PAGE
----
Adiktologie is an international journal devoted to publishing peer-reviewed interdisciplinary and transdisciplinary scientific reports on psychoactive substance use, behavioural addictions and related issues. 

Articles within the latest edition include:


  • There is no safe level of alcohol consumption – the Lancet 2018 late summer update
  • Supporting Research in non-English speaking countries 


  • Preventable mortality caused by the use of alcohol in Slovakia from the regional and socio-economic perspective 
  • University Education of Social Workers in Addictological Issues 
  • eHealth Intervention for Smoking Cessation for Czech Tobacco Smokers: Pilot Study of User Acceptance in Europe and the USA: a review 
  • Predictors of the Successful Treatment of Addiction to Heroin  
  • The First Inpatient Alcohol Treatment Facility in the Czech Republic: a case study of the Tuchlov institution (1923–1938) and Other Illicit Opioids. Systematic review 


  • HIV/AIDS Epidemic in the Czech Republic and Related Factors: Comparison of Key Populations of People who Inject Drugs
    and Men who Have Sex with Men 


  • Development of Addiction to Intranasal Fentanyl in a Cancer Patient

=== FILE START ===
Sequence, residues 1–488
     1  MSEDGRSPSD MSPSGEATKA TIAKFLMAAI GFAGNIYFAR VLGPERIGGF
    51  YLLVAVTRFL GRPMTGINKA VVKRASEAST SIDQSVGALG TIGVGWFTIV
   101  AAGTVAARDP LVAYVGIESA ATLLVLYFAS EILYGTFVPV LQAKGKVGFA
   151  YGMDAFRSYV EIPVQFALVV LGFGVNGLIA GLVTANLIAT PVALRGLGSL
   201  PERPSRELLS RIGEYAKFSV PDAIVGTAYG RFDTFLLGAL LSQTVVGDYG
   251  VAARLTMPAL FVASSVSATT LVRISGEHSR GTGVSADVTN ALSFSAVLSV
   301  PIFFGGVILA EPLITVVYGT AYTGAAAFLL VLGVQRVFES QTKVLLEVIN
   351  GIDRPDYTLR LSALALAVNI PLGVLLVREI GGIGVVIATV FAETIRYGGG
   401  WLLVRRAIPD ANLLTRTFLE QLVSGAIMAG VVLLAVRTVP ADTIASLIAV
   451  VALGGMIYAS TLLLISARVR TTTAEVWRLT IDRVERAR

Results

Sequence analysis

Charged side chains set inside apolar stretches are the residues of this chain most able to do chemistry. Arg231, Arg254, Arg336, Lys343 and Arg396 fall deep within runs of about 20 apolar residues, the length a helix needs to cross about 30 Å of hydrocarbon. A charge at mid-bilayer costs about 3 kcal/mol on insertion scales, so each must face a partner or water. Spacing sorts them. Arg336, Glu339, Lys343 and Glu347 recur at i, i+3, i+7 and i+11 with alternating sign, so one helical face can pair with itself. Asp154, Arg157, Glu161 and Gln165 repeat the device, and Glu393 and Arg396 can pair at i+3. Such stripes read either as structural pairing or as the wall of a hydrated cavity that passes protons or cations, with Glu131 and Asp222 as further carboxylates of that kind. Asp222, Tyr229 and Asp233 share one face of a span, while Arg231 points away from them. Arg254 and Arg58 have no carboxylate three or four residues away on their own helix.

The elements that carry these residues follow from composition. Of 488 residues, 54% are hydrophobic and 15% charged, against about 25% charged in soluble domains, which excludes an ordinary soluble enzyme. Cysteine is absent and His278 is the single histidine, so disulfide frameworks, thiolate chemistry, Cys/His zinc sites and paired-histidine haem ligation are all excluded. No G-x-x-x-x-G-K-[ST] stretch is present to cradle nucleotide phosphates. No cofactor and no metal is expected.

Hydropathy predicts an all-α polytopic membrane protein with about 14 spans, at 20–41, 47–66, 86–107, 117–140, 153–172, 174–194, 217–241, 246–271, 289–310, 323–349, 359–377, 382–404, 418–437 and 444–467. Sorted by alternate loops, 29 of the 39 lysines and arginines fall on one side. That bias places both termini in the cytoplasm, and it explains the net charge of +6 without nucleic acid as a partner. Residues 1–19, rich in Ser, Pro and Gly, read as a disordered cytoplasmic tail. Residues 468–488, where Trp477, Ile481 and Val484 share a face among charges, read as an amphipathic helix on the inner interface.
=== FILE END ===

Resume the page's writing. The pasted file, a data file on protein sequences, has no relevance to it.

• Two staff members and a student from the Department of Addictology participated actively in the Third Annual Conference of the International Consortium of Universities for Drug Demand Reduction 2018 in San Diego 
Adiktologie Journal

Magnitude of Substance Use in India

Until recently the full extent of the use of substances in India has not been realised or documented.

To shed light on the issue, the Ministry of Social Justice and Empowerement has recently commissioned the National Survey on the Extent and Pattern of Substance Use in India. The Magnitude of Substance Use in India reports the findings.

Information regarding the current use, harmful use and dependence was gathered for alcohol, cannabis, opioids, cocaine, amphetamine type substances (ATS), sedatives, inhilants and hallucinogens.